Amazon created a platform called Mechanical Turk that allows Requesters to create small tasks (Human Intelligence Tasks or HITs) that Workers can perform for an extremely modest fee such as 25 or 50 cents per task.* Because the site can be used to collect survey data, it has become a boon for social scientists interested in an experimental design to test causal mechanisms of interest (see Adam Berinsky’s short description here). The advantage of Mechanical Turk is the cost. For a fraction of the expense it costs to field a survey with Knowledge Networks/GfK, Qualtrics, or other survey companies, one can field a survey with an experimental component. Combined with other low-cost survey design platforms like SurveyGizmo, a graduate student or faculty member without a huge research budget might be able to collect data for a couple of hundred dollars (or less) instead of several thousand. But, storm clouds loom: in recent weeks, critics like Andrew Gelman and Dan Kahan have weighed in and warned that Mechanical Turk’s problems make it an inappropriate tool, particularly for politically contentious topics. Are these criticisms fair? Should Mechanical Turk be off limits to scholars?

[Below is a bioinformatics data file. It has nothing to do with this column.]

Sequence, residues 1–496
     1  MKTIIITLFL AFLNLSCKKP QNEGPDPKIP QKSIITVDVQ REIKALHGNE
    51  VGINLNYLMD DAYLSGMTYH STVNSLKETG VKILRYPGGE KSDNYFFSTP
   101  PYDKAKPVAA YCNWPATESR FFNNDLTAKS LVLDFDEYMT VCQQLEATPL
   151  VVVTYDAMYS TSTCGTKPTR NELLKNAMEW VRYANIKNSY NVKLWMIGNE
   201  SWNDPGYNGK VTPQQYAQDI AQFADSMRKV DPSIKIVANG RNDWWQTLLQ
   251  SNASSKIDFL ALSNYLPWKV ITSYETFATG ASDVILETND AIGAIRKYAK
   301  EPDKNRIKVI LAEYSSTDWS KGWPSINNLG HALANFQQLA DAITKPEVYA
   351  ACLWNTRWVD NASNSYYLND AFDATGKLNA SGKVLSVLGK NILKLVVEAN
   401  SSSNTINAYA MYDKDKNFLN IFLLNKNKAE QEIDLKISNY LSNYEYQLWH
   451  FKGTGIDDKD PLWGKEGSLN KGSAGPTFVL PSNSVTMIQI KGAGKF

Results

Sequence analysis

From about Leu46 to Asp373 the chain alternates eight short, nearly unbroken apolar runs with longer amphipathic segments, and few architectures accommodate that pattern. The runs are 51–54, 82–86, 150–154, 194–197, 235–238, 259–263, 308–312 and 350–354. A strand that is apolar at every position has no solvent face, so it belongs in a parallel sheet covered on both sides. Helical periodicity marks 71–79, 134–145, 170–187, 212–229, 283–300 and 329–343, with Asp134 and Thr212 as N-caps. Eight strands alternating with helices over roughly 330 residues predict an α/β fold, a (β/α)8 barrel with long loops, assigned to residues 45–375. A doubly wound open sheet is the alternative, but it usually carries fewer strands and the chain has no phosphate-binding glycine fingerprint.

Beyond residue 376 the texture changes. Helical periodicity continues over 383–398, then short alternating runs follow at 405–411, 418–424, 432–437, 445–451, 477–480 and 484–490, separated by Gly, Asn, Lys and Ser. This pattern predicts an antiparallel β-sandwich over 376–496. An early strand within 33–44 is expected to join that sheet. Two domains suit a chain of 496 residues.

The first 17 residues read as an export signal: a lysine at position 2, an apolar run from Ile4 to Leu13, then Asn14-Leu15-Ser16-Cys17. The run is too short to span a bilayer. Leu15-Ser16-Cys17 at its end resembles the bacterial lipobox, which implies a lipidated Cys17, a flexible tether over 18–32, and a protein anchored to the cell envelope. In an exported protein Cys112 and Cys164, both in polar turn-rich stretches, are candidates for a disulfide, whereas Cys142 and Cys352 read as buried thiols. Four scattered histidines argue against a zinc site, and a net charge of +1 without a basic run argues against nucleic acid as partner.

I’m going to put my cards on the table here. Most of what I know about experiments I’ve learned from Bethany Albertson, who in addition to being a fabulous political psychologist, is also married to me. We’ve run some experiments together with a survey market research company, and I ran several experiments last summer on Mechanical Turk after programming them on SurveyGizmo. I realize, as a largely qualitative scholar in international relations, I could be at risk of getting out of my lane, especially with statistician (!) Gelman on record expressing his disapproval of Mechanical Turk. Nevertheless, I’m going to stick up for Mechanical Turk. Sure, for some purposes, the gold standard might be nationally representative samples, but Mechanical Turk has its virtues which should not so easily be dismissed.
Social Scientists Who Use Mechanical Turk Know Not What They Do
In covering the announcement of a new Journal of Experimental Political Science, Andrew Gelman writes emphatically on the Monkey Cage that Mechanical Turk produces weak scholarship: